I visited many sites showing modelers using static grass applicators, but when I looked at the cost I decided standing weeds weren’t necessary. I changed my mind. I started looking for videos showing how to make a static grass applicator and found several.
The self-built models are all pretty similar. It wasn’t difficult to find the parts. It was harder trying to tell myself I could actually do this and have it work.
The Black Flag Hand Held bug zapper I purchased for $10.95 at Home Depot promised to deliver 2750 volts of shocking power to any little critters that happened to get too close. It also delivered a powerful shock to my finger!
I found a small Farberware plastic strainer with a metal screen mesh to use as the grass spreader.
I first removed all the screws from the back of the handle. Three screws held the zapper screen in place, three more screws were in the battery compartment. Once the screws were removed the pieces came apart easily.
There were no screws in the wand, so I forced a screw driver blade into the seam to break the pieces apart. A red wire was soldered to the inner screen, a blue wire was soldered to each of the outer screens. I snipped the wires off at the screen. The two blue wires came from the same point on the control board, so I removed one.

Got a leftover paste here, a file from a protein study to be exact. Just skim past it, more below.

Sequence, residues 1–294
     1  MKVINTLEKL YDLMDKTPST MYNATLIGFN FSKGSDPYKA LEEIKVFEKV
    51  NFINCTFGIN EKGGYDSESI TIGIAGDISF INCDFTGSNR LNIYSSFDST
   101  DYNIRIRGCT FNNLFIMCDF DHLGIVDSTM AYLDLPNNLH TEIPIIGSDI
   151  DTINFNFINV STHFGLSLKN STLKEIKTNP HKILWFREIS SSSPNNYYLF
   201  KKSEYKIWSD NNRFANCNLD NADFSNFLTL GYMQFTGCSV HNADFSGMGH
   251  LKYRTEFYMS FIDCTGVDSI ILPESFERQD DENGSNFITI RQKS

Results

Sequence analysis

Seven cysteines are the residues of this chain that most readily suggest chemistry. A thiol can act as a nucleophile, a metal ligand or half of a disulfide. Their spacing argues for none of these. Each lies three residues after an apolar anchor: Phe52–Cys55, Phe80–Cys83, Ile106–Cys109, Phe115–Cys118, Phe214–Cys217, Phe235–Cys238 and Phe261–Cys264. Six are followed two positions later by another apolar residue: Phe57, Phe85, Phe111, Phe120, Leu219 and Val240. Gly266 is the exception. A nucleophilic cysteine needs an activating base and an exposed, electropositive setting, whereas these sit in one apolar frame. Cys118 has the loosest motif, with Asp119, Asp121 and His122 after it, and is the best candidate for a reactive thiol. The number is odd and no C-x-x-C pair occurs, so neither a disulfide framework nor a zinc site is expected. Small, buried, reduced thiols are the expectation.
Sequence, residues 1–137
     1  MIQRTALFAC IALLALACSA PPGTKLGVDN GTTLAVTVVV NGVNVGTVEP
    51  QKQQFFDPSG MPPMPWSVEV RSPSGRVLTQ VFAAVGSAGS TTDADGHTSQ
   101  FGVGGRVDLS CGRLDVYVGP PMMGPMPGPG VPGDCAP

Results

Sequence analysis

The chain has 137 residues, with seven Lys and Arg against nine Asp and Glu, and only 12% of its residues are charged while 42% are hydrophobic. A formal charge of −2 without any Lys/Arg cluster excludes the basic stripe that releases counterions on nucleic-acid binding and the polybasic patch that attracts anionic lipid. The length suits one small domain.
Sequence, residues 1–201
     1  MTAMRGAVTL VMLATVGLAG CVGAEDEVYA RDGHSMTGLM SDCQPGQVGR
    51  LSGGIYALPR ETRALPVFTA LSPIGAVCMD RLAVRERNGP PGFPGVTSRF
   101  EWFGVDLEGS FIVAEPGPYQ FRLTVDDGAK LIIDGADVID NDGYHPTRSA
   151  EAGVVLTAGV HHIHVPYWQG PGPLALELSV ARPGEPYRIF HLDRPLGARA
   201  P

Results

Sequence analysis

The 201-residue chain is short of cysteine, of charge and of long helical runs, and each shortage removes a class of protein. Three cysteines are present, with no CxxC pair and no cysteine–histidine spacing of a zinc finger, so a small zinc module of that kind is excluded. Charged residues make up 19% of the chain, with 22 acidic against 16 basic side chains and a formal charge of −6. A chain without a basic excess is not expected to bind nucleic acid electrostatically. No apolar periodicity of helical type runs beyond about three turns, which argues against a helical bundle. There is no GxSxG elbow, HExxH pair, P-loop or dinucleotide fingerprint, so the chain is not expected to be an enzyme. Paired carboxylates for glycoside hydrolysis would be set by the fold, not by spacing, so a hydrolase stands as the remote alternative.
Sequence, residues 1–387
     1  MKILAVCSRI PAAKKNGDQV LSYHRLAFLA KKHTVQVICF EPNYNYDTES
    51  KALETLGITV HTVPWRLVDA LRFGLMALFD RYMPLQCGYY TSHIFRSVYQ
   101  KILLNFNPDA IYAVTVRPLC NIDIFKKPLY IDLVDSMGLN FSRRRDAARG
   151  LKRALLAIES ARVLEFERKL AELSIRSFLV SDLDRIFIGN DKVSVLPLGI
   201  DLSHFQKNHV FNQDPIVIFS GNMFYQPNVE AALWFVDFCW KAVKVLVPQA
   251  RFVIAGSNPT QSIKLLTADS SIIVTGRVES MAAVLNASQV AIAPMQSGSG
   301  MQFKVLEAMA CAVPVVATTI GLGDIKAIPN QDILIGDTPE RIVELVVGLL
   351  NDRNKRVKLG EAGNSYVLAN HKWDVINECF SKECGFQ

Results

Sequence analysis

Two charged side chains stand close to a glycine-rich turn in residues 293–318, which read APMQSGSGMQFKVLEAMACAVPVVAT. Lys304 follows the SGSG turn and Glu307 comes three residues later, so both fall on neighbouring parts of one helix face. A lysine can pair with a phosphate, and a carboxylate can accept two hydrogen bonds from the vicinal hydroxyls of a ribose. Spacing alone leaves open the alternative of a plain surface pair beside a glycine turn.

After the extra blue wire was removed from the control board, I soldered a long green wire to the blue wire. I soldered a short red wire to the red wire from the board. The red wire carries power to the wire mesh basket. The green wire is attached to the area where the static grass will be applied. Static electricity is created by the field between the wire mesh and the surface of the layout.
I held the strainer next to the zapper handle to see how much of the strainer handle would fit and cut off the remainder. The handle of the Farberware strainer is about the same width as the zapper handle. I held the cover of the zapper on the strainer handle and used a small drill bit to make pilot holes for the screws. I then used a larger bit, the size of the screw posts in the zapper handle, to carefully drill out the pilot holes. The handle of the strainer fits perfectly over the screw posts.